Feature

UN Providing School Meals for 24,000 Egyptian Children

UN Providing School Meals for 24,000 Egyptian Children

Roughly 24,000 children have been given school lunches under the UN's programme, introduced in April
Roughly 24,000 children have been given school lunches under the UN’s programme, introduced in April

UN and European Union (EU) officials have stated that around 24,000 Egyptian children have received school meals and rations for their families under the UN World Food Programme (WFP).

The WFP is intended to support youngsters in the poorest areas. By providing them with basic sustenance, it is hoped that they will be prevented from having to drop out of school and work.

The World Food Programme also provides rice and cooking oil for families of students with over 80 percent attendance
The World Food Programme also provides rice and cooking oil for families of students with over 80 percent attendance

The $67.5 million food distribution scheme, which was introduced in April, will target 100,000 children from 651 schools in the most deprived areas of Egypt.

Along with free school meals, children who maintain an 80 percent school attendance rate will be given a monthly food ration including 10kg of rice and one litre of cooking oil for their families.

According to the World Bank, more than a quarter of Egypt’s population live below the poverty line.

The head of the EU delegation to Egypt, Ambassador James Moran said the initiative is “designed to tackle some of the most critical issues affecting Egypt’s poorest children: undernutrition, access to quality primary education and child labour.”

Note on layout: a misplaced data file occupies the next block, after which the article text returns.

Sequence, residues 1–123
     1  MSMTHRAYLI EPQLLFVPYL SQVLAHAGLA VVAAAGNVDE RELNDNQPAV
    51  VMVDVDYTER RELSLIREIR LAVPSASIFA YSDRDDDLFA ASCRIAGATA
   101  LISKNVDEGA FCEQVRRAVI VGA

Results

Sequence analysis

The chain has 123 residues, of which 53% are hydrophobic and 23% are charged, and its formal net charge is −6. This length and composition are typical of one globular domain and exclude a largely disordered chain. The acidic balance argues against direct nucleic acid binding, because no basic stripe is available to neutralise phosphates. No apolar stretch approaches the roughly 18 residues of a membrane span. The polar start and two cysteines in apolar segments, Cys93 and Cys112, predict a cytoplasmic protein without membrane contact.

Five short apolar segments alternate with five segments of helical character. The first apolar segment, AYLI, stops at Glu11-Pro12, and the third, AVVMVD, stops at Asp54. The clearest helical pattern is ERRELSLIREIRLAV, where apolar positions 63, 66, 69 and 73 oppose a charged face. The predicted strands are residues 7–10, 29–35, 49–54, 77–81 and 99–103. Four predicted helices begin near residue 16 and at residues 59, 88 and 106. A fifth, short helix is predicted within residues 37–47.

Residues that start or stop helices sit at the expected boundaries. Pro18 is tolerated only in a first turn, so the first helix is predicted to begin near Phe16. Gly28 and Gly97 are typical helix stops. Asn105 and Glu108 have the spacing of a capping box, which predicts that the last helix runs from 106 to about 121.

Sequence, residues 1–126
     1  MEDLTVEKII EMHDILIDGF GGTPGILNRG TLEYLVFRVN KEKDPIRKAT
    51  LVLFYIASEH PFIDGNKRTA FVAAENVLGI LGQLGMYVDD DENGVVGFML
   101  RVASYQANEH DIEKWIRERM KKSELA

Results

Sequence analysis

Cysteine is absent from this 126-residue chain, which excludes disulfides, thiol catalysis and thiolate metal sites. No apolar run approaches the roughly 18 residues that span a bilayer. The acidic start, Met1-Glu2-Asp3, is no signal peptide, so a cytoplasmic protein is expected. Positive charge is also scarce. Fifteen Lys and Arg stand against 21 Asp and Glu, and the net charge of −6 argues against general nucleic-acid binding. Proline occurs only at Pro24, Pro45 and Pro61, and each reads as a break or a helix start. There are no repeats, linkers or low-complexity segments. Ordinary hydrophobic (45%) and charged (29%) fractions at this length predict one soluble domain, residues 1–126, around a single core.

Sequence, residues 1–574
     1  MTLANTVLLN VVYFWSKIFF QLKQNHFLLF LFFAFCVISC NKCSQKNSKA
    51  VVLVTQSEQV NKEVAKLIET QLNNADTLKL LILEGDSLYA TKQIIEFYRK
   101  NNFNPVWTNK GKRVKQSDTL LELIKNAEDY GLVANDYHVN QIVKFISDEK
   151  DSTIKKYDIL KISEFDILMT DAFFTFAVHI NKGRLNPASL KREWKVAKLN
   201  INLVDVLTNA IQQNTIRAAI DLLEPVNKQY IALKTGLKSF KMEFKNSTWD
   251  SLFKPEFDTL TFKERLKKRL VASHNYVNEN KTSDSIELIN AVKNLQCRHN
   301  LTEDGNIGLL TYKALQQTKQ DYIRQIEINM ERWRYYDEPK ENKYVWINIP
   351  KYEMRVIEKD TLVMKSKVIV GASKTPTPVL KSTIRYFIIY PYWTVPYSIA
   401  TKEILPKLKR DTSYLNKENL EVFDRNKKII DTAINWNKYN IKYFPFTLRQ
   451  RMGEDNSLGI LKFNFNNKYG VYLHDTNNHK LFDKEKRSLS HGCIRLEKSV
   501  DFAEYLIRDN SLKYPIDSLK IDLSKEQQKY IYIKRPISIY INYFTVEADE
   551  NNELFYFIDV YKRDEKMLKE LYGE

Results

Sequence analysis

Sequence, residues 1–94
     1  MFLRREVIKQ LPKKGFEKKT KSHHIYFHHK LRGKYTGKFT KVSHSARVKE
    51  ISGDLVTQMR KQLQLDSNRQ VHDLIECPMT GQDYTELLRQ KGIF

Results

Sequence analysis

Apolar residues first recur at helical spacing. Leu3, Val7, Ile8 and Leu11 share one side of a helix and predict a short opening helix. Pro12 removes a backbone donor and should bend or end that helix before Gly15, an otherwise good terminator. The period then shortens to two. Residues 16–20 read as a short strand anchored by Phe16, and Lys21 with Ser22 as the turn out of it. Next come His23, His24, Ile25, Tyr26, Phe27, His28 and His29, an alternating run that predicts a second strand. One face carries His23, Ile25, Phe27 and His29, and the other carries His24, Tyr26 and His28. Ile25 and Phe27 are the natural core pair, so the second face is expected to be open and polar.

According to the children’s charity UNICEF, up to 15 percent of children in Egypt are forced into the work by poverty and other social problems.

What I Learned About Egypt From A Car Crash
Egypt’s First Free Breast Cancer Hospital Launches #PinkRamadan Campaign

Subscribe to our newsletter


Feature
@daliaeldaba

Dalia is an Egyptian writer and journalist. Currently, she is particularly interested in raising awareness about the historical and current labour and feminist movements in the Arab world.

More in Feature

From Inside the Sudan Protests: Sudan Fights for a Better Future

Nour EltiganiApril 13, 2019

Book Review: Believing Women in Islam – Unreading Patriarchal Interpretations of the Quran

Mirna AbdulaalApril 12, 2019

Introducing a New Environmentally Friendly Mode of Transportation using Scooters, Slyd

Nour EltiganiApril 8, 2019

Memaar Al Morshedy Group Dicusses Innovation in the Real Estate Market Arab Conference at Harvard

Egyptian StreetsApril 4, 2019

Dryve Introduces Egypt’s First Digitized Car Rental Platform

Nour EltiganiApril 3, 2019

Egypt’s Modern Dance Company Performs the Genius of Zaha Hadid’s Art in France

Mirna AbdulaalApril 2, 2019

“Champions of Change”: Egyptian Women Making Their Mark in Technology, Politics, and Human Rights

Sarah AntoniousMarch 29, 2019

‘Capernaum’ Review- The Boy Who Sued His Parents for Being Alive

Nour EltiganiMarch 28, 2019
Egyptian Streets is an independent, young, and grass roots news media organization aimed at providing readers with an alternate depiction of events that occur on Egyptian and Middle Eastern streets, and to establish an engaging social platform for readers to discover and discuss the various issues that impact the region.

© 2017 Egyptian Streets. All Rights Reserved.